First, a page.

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Mr. Clarke: My hon. Friend is right about public confidence. That is my single biggest concern in the whole matter. That is why I feel it is my duty to try to achieve public confidence. I shall not speak about individual cases, including the one that he mentions, but I agree that bringing people to justice in the right way must be at the core of our approach.

John Hemming (Birmingham, Yardley) (LD): The Home Secretary's use of the passive voice makes me feel that the Government are in office, but not in power. New legislation is continually introduced, although little action is taken to make existing legislation work properly. Given the right hon. Gentleman's response that the immigration and nationality directorate has improved, is it not his responsibility to ensure that it improves and that the current legislation works, rather than continually introducing new legislation?

Mr. Clarke: I accept that responsibility. Perhaps I should take the opportunity to make it clear that the comments about a case in Stockton, which the right hon. and learned Member for North-East Fife (Sir Menzies Campbell), the leader of the Liberal Democrats made during Prime Minister's questions, were not correct. The individual in that case is in prison, pending a decision whether to deport him. He is detained under immigration laws. The fact that the right hon. and learned Gentleman referred to the case is reasonable, but he gave wrong information about it, which I take the opportunity to put straight.
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Mr. Mike Hall (Weaver Vale) (Lab): The matter is extremely serious. Will he reconsider the information that he is prepared to put before the House? I am still dealing with a case in which a British national was deported from Canada in 1992 and killed a constituent of mine in Liverpool in 1994. I should like to know the number of foreign nationals who were released from prison in the UK between 1979 and 1997, to put the whole matter into perspective.

Mr. Clarke: I am absolutely ready to do that. I will follow through my hon. Friend's suggestion and I thank him for his remarks. I have tried to prioritise the more recent and more serious cases, for reasons that he will understand. However, the implicit message of his comments—that a system was not in place and records were started only in 1999—is true. It is also true that the scale of the issue is greater now than it used to be, because there are more foreign nationals in prisons than was the case in the past, but the issues of principle remain. I will look at the precise figures, as he requested.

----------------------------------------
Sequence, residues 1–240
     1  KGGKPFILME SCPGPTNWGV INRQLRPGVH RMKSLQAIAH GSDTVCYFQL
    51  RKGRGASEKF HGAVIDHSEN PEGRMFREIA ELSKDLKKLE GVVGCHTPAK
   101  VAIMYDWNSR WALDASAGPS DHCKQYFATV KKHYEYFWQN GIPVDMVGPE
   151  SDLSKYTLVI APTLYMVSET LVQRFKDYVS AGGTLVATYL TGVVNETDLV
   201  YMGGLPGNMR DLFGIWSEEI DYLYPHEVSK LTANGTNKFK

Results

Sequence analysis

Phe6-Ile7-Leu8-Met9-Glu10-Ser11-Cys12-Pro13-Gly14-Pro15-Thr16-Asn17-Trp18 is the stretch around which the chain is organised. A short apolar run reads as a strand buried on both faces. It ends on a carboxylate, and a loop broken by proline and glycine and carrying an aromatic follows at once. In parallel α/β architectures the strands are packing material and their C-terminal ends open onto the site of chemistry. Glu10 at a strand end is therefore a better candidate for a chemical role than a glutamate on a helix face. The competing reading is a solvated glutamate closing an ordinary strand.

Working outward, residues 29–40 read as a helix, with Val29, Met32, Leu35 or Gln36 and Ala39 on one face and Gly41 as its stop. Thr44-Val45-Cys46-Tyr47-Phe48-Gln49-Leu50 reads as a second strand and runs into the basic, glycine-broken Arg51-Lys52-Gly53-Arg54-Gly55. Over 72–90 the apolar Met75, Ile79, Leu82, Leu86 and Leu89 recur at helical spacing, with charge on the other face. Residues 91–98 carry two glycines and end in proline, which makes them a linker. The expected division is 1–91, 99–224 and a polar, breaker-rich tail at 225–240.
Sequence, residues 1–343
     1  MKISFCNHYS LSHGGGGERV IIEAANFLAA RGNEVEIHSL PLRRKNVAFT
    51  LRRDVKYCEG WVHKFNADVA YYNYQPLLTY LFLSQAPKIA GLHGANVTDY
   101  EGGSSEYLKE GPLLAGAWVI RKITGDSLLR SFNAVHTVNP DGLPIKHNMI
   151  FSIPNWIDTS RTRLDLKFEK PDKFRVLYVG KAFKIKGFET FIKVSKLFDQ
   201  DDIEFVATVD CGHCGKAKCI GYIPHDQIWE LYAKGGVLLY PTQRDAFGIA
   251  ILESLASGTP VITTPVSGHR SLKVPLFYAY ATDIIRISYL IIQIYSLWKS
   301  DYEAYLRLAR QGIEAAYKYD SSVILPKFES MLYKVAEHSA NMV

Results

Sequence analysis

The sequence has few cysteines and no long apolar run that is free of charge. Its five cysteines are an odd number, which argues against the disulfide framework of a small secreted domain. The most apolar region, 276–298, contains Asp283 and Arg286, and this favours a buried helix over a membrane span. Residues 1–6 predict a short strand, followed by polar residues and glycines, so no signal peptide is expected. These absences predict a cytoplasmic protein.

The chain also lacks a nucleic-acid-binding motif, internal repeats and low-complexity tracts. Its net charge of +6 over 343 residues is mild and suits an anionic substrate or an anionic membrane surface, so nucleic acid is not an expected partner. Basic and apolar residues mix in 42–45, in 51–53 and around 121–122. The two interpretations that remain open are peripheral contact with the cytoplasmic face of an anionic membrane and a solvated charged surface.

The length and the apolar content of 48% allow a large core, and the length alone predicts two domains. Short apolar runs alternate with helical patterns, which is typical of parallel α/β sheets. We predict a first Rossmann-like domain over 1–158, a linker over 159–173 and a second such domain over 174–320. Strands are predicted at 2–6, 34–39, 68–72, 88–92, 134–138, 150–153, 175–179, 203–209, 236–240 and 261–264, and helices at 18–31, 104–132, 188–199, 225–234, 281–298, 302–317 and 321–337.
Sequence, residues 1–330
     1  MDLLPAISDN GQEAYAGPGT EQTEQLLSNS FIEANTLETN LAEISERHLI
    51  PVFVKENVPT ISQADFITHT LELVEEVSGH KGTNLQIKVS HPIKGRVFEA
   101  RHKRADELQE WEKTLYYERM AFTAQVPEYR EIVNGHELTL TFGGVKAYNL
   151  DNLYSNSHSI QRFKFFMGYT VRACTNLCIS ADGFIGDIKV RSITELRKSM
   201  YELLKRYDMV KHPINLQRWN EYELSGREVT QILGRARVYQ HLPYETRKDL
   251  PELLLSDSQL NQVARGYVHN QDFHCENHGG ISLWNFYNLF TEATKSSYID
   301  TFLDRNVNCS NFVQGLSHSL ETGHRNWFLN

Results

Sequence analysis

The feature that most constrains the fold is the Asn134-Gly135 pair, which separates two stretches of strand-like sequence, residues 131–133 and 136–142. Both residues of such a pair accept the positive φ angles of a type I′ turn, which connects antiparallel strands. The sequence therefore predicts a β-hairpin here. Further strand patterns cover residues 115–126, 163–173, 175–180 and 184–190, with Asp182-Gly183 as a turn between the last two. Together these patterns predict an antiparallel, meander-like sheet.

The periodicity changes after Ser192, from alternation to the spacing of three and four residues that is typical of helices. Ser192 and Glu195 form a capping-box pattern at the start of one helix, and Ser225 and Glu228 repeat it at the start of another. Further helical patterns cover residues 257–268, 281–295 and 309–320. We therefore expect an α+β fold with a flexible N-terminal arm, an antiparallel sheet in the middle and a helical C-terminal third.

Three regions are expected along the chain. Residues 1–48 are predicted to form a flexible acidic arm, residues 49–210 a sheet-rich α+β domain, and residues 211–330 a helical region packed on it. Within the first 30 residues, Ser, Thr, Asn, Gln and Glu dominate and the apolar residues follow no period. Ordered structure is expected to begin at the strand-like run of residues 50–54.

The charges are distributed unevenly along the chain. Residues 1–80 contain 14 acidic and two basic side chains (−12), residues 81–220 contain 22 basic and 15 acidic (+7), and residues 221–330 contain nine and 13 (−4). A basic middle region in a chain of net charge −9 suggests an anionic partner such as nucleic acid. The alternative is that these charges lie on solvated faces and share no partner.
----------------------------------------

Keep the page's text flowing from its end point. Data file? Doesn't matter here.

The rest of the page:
Sir Nicholas Winterton (Macclesfield) (Con): Does the Home Secretary accept that for democracy to work, there should be respect in this House and for Parliament, and that there should be trust and confidence in Government to do what they are there to do—not least, to guarantee the safety of the people of this country? Does he not feel that that has been undermined by this affair? Can he say what recompense will be available to those who have lost their lives, been raped or have otherwise suffered as a result of the incompetence of the Home Office in dealing with international offenders?

Mr. Clarke: The hon. Gentleman is a distinguished parliamentarian. Though there are failings in the Home Office, which we have reported and which are set out, it is important to say to him as a distinguished parliamentarian that the way that Parliament operates, with the Public Accounts Committee bringing Government to account for their conduct of affairs, as in the present case, is a credit to our parliamentary and public system. I am acutely aware, perhaps more than anybody in the House, that it is my job to try and ensure that confidence in the system is established in the way that he wants, and that is what I intend to do.

Several hon. Members rose—

Mr. Speaker: Order. No rule has been broken, but one of my duties is to try and gauge how long a statement should last. It will be helpful if hon. Members stand after the statement is made and do not wait until a substantial time afterwards. It is unfair.

Mr. Sadiq Khan (Tooting) (Lab): Does my right hon. Friend accept that one of the reasons for the problems is that sentences and recommendations made by judges five, 10, 15 or 20 years ago seem not to be at the forefront of people's mind when it comes to prisoners being released? What will he do to ensure that when prisoners are released in future, judges' recommendations made five, 10, 15 or 20 years ago are on their files and to the fore?